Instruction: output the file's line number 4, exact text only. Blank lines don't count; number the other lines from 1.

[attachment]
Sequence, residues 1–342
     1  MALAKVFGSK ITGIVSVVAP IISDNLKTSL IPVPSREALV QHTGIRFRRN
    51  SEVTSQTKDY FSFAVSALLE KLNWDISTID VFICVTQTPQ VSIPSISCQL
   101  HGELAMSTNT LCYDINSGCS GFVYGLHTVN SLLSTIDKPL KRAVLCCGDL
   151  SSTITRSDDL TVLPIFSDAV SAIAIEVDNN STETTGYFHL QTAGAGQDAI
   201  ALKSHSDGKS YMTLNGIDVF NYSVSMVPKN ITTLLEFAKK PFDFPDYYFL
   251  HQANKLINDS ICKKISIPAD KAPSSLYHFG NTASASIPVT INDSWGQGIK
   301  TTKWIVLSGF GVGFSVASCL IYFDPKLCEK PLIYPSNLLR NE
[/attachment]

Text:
   101  HGELAMSTNT LCYDINSGCS GFVYGLHTVN SLLSTIDKPL KRAVLCCGDL